Once upon a time, Pep Guardiola and Jose Mourinho once read from the same script
In the premier league season that has been dubbed a battle of the galactico managers, its ultimate battle is scheduled for Saturday at Old Trafford in the 171st Manchester derby. Whether it is by coincidence, fate or design, the managers in the respective dugouts at Old Trafford are at the epitome of a rivalry that has dominated European football for at least the last decade.

Incredibly, they both started out as the best of mates way back. Under the management of the late Sir Bobby Robson, Jose Mourinho and Pep Guardiola enjoyed a friendship that translated into tactical clarity and flexibility at FC Barcelona. The pair are famed for reducing Sir Bobby's written tactics into a very understandable formula for the players.

Indeed, so close was the relationship between the pair that when Jose Mourinho was interviewed for the FC Barcelona job in 2008, he pledged to a Barcelona board that included current City executive Txiki Begiristain that he would promote a young Pep Guardiola from Barcelona B to work with him as his assistant.

To the surprise of both men, the Barcelona board picked the 'understudy' Guardiola citing the abrasive and at times poisonous effect that Mourinho seems to harbor about him. The Spaniard's tactical wonders saw his side claim Champions League from Manchester United and effectively justify the punt that the club had made in making their managerial choice. And henceforth a cold war was born between the pair, underlined by a difference in their tactical modus operandi. The idealist in Pep played to the hearts of purists who dubbed his style the ultimate form of the beautiful game started by Barcelona and Dutch legend Johan Cruyff. The pragmatist in Jose played to the minds of realists who appreciated the bottom line in the football industry; results!

The stage was therefore set at the Camp Nou in 2010 when Jose Mourinho brought his Inter Milan side to defend a 3-1 first leg semi-final victory for a place in the Champions League Final. The clash of styles was bared for all to see. Gerald Pique scored in a 1-0 win for the home side but Mouirnho, always chasing the result mentally, won the war as his side hung on to win on aggregate 2-3. In his Old Trafford office, as was in his Real Madrid office, a life-size image of his celebration of that triumph at the Camp Nou hangs by the wall.

That in itself is testament to how rare the victories against Pep were for him during his time at Real Madrid. At the end of their two seasons of battle in Spain, the El Classico record was firmly in Guardiola's corner reading W5 L2 D4. Indeed, the banter lines ahead of Saturday will read that Jose Mouirnho has been sacked more times than he has beaten Pep. Except that there is another dimension to the battle on Saturday lunchtime----Zlatan Ibrahimovic!

The Swede was apart of FC Barcelona's initial side under Pep Guardiola. Despite his popularity, he was, for Lionel Messi at least, a major obstacle to obtaining the number of goals his and status in the team he desired. Messi had the ear of Guardiola and the Argentine's talent merited a squad built around him. Pep gave in and it rubbed off Zlatan the wrong way. He thought his manager was weak for it and he was soon shown the door.

At Inter, Zlatan found a soul-mate. Jose Mourinho was everything Pep was not for him. The pair enjoyed success in Italy before parting ways amid mutual respect. Coincidence? Fate? or design? It's amazing how events have unfolded to the extent that on Saturday, Zlatan Ibrahimovic will be out on the pitch trying to make a point or two to Pep for what happened at Barcelona all those years ago.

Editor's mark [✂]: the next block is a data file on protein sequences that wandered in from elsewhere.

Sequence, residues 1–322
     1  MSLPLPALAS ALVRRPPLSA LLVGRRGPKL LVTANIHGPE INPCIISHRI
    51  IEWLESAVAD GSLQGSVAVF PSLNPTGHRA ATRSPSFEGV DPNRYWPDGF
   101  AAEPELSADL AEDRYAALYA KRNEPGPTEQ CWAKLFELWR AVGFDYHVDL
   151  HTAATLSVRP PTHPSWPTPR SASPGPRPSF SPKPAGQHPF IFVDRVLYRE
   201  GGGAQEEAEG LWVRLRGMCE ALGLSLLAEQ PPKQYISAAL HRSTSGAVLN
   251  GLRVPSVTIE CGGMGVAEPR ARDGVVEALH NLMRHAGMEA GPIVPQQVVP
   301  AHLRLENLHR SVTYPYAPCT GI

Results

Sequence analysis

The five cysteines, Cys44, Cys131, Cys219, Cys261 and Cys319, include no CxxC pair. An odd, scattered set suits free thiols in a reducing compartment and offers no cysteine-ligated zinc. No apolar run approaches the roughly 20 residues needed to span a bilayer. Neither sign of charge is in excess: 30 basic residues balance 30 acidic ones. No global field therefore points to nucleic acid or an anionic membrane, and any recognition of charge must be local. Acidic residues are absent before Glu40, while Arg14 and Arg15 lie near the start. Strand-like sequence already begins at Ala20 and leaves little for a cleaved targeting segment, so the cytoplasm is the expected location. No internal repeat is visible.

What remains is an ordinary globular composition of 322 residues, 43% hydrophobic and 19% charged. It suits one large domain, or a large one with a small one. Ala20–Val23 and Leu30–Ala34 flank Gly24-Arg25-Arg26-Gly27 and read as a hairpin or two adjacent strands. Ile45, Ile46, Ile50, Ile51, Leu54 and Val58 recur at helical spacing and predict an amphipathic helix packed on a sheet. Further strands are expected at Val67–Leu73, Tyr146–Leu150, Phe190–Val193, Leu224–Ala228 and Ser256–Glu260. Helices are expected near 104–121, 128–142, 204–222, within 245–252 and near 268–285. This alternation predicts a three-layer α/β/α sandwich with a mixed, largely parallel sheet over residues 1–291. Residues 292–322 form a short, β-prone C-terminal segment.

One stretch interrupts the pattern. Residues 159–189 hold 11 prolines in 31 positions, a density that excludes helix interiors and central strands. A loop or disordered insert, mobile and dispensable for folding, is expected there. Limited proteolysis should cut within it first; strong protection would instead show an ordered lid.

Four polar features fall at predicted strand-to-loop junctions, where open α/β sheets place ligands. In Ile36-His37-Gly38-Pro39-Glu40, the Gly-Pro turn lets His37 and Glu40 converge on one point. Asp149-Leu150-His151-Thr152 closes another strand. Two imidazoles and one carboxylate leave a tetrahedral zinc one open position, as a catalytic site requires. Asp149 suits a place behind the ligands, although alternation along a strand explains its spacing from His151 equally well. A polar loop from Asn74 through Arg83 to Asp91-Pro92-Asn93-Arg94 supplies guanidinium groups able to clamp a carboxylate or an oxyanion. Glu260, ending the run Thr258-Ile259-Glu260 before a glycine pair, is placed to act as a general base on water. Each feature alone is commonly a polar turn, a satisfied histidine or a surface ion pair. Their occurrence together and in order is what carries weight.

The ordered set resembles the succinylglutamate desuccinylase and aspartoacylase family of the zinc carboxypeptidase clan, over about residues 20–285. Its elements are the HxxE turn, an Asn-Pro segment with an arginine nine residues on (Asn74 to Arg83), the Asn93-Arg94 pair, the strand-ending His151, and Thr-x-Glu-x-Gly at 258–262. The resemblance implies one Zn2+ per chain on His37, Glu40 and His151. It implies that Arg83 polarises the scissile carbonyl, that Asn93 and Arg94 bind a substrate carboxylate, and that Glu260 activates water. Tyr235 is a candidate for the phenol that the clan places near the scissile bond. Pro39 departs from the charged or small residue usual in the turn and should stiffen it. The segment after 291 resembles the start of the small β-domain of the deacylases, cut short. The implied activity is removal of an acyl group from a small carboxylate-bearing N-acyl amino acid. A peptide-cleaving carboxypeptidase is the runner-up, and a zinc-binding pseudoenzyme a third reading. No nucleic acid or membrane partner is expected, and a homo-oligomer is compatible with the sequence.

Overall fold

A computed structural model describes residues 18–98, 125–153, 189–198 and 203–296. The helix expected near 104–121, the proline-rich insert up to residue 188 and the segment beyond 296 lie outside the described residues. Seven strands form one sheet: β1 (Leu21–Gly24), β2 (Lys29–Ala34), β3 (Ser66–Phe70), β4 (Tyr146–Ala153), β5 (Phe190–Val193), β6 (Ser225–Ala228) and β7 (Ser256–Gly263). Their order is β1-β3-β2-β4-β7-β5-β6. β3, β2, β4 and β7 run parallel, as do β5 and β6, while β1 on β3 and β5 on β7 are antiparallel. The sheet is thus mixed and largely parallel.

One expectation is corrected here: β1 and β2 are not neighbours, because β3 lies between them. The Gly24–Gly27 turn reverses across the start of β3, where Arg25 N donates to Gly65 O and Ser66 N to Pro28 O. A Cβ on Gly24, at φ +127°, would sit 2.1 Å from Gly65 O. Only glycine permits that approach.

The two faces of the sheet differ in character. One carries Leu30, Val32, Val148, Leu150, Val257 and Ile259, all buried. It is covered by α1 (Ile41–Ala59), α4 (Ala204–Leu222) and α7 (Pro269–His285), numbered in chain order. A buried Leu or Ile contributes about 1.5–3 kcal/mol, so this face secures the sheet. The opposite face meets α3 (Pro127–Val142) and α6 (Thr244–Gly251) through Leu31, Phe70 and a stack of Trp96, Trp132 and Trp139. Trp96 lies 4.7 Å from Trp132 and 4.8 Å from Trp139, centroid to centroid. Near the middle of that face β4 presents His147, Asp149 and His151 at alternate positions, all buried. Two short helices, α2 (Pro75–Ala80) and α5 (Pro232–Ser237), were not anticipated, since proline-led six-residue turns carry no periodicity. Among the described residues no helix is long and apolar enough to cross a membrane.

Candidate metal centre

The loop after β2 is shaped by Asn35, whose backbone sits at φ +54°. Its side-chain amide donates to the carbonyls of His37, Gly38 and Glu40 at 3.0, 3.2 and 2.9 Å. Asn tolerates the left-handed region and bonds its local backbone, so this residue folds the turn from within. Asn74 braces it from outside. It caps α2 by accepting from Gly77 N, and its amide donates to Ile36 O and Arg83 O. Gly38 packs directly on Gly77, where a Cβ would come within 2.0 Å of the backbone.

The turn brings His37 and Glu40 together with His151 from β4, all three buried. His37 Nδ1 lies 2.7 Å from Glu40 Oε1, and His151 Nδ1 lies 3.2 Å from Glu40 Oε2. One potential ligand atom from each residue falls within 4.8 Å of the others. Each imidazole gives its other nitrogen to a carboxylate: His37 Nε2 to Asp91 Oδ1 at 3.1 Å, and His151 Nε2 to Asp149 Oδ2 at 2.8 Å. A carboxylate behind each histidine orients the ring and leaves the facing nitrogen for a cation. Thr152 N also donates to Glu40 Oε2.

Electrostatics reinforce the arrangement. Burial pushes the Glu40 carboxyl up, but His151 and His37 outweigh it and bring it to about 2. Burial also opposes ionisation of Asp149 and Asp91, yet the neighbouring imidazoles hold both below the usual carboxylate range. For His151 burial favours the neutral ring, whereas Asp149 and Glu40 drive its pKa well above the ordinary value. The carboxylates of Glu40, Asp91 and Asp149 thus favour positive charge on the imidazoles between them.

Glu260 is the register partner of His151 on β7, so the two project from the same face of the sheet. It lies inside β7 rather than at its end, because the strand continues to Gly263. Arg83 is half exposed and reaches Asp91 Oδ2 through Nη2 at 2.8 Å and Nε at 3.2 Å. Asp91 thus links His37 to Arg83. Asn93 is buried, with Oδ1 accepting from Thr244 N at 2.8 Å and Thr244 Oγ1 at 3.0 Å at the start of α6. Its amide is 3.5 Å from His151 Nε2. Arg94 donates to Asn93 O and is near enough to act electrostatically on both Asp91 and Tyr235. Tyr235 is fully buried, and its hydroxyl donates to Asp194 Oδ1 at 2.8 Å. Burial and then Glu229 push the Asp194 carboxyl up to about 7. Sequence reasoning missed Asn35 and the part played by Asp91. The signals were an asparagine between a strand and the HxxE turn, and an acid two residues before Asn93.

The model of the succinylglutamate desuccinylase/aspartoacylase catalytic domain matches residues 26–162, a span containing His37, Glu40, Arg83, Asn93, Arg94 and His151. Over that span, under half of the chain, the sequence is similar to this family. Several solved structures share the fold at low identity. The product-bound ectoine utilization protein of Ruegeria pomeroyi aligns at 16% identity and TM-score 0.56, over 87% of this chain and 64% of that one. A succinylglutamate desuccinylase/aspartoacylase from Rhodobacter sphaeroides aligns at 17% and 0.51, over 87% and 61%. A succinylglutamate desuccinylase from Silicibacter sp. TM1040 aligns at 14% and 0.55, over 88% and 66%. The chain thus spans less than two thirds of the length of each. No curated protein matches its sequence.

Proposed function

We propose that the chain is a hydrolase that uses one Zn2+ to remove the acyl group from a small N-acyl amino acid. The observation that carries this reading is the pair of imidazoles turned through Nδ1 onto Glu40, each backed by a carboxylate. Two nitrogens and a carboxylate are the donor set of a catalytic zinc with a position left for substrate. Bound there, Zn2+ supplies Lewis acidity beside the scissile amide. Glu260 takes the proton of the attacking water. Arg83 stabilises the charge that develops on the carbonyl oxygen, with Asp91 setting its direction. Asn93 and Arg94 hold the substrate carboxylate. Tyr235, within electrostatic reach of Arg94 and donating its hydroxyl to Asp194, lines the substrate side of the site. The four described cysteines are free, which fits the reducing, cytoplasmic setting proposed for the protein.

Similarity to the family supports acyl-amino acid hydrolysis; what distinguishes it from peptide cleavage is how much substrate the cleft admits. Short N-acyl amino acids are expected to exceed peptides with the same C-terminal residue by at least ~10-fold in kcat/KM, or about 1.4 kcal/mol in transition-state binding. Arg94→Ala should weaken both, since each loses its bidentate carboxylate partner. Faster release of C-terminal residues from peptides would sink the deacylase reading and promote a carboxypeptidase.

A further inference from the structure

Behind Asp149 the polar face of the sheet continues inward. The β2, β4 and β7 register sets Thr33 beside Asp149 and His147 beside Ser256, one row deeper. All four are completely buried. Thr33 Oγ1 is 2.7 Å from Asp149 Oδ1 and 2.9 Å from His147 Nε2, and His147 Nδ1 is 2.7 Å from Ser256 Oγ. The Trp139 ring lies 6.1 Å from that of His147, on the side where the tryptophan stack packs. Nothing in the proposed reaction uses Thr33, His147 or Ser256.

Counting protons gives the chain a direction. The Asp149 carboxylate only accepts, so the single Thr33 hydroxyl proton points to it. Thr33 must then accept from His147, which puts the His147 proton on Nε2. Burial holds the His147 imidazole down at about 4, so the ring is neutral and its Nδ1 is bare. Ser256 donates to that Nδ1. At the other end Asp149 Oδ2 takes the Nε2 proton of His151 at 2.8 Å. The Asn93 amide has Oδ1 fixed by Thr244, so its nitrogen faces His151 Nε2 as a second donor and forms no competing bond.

The premier league has three 100% records left this season. By the end of proceedings on Saturday, that number would have been reduced to a maximum of just two. In a league season that is increasingly looking like it will be decided on fine margins, you feel that the two managers would just settle for the point on Saturday before kickoff.

That the fixture comes so soon after the International break means that none of the teams will be as strong as they would have hopped for the game. Injuries and late arrivals will count for interesting team news other than what we already know.

In many ways, you could argue that the result will not really mean much in the context of a potential premier league title race between now and May. It's still just three points on offer and with 34 games left after Saturday, there is plenty of time for the winner/loser to make up ground even before Christmas. But football is a confidence sport as much as anything and you feel that the victor will get a timely shot in the arm. Keeping a 100% record after seeing off your most difficult opponent makes it ominous for the rest.

That takes nothing away from the reality that is the premier league though.  These two managers will know by now that the game will bear much less consequences as the equivalent did in Spain. This season is more than just about the pair. The victor on Saturday will not be guaranteed the three points on the next MatchDay in a way it was in the La Liga. Short term, the biggest take-away from this will be bragging rights. Derby pride. In order to reap the long term rewards, the work must be put in every week!

Not that the neutral will want the details. For him, this is box office television come early on Saturday. It's fair to say that the league cannot possibly come up with a more mouthwatering fixture!  

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